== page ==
Creative Connection Helps with Alzheimer's

Coloring book helps adults with Alzheimer’s.
Judy Freeman encourages coloring as a therapeutic and perfect art form.

Artists express themselves in a variety of ways and mediums. For decades, Edina artist Judy Freeman has created ketubahs—Jewish wedding contracts that are signed just prior to the wedding ceremony and then displayed in the home of the couple. When Freeman was preparing for her wedding 41 years ago, she was encouraged to create her own ketubah since she had studied art at the University of Colorado. Afterward, she vowed she’d never make another. “It was a lot of work,” Freeman says. Yet she’s since created more than a thousand and turned it into a career. Her piece "Ketubah 2000" is displayed at the Minneapolis Institute of Art.

Freeman’s most recent project has taken her in a new direction that’s provided another way to share her art more broadly. It’s also been a way for Freeman to connect with her mother who suffers from Alzheimer’s disease. Freeman created a coloring book, L’Dor Vador: A Keepsake Coloring Book, which means “from generation to generation” in Hebrew. For those familiar with Freeman’s work, her distinctive style is readily apparent throughout the coloring book.

“I started doing drawings that my mother could color as part of her care and therapy. I made a super-intricate drawing and made several copies. She colored it many different ways, and she never lost interest,” says Freeman. This eventually grew into something more. The coloring book incorporates Hebrew words within the images, and can be enjoyed by young and old alike. Each page was hand-drawn by Freeman. She created 150 drawings in just three weeks, starting with the Hebrew alphabet as inspiration, then moving to the English alphabet. The publisher selected 72 drawings for the final coloring book.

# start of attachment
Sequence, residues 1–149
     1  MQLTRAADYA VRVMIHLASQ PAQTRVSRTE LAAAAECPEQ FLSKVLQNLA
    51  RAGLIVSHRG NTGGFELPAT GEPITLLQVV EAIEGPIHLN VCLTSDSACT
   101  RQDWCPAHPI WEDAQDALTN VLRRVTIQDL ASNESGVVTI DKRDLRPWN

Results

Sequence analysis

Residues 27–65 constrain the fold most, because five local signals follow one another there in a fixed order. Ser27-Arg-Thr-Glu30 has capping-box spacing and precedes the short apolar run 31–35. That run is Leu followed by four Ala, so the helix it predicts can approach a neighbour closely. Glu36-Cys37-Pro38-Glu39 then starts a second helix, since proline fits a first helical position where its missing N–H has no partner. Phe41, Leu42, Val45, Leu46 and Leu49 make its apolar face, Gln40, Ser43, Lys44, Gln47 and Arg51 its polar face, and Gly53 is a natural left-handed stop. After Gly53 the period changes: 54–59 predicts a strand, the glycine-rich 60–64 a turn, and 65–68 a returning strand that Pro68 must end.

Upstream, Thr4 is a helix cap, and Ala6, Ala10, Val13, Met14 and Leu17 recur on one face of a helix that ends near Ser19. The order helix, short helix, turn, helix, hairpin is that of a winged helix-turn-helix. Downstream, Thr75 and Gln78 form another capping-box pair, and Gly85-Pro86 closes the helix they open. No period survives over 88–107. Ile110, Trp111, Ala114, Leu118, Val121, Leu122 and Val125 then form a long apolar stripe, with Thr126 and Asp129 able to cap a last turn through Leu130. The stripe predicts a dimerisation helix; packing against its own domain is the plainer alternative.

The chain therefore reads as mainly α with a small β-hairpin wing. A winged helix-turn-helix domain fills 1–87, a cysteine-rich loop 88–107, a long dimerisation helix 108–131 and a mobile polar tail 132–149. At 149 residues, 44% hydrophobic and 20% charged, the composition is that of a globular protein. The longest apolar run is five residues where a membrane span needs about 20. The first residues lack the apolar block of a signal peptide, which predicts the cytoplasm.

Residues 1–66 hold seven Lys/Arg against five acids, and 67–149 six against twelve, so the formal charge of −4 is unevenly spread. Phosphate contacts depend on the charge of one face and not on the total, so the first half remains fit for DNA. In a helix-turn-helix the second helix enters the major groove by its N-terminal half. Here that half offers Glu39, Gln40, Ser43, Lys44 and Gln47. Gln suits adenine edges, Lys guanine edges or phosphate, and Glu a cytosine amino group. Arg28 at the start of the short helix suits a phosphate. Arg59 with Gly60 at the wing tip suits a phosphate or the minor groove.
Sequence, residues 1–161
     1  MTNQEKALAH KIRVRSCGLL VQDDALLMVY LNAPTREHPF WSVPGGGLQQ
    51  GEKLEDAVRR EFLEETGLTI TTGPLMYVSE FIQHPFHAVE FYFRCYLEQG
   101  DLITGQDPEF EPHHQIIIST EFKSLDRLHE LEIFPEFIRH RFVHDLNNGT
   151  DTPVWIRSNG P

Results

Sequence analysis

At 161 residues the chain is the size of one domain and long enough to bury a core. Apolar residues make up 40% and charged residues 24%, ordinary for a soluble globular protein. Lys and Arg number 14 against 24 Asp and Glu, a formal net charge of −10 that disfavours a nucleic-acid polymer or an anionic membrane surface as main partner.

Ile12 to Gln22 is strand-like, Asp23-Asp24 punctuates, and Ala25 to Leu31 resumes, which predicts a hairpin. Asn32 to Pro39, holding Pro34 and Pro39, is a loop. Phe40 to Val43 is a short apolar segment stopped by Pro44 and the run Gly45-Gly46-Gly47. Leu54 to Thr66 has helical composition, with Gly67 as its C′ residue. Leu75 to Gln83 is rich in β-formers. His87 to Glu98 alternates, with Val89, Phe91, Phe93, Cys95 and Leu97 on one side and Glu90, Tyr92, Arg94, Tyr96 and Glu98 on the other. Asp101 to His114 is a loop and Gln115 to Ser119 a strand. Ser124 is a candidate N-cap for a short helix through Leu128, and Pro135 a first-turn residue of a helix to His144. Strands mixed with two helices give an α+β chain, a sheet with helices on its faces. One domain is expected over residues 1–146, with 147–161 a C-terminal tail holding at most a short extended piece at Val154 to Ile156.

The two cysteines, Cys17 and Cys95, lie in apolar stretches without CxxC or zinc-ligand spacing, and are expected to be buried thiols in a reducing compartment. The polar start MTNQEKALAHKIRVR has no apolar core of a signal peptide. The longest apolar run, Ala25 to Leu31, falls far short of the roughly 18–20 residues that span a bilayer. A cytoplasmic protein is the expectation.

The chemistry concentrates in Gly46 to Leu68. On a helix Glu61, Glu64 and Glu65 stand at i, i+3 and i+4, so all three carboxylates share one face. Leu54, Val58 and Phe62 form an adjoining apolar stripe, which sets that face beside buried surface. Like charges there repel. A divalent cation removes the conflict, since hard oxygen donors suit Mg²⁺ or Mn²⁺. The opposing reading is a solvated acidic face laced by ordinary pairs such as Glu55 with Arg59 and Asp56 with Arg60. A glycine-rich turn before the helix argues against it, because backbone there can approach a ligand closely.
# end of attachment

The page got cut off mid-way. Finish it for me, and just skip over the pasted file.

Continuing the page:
Coloring is a universal activity. For Freeman, it provided a way to connect with her mother. Today there is a lot of research about the impact of coloring and the arts on those suffering from dementia. An August 2013 post on the Mayo Clinic’s Alzheimer’s blog noted the impact the arts can have on “health, communication and expression to promote the integration of physical, emotional, cognitive and social functioning.”

According to Debbie Richman, vice president of education and outreach for the Alzheimer’s Association Minnesota North Dakota, “Focusing energy into a more creative outlet has been found to lessen stress and anxiety in those suffering from dementia. It’s not about the outcome but the process. The beauty of art is that there are no guidelines. Color in the lines or out; it doesn’t matter.”

Additionally, coloring provides a way for the caregiver to connect with the other person in a non-threatening way.

For Freeman, coloring is therapeutic, the perfect art form—easy to do and do anywhere. Her coloring book can be purchased locally at Barnes & Noble as well as online at,, and Learn more about Judy Freeman and her art at the website here.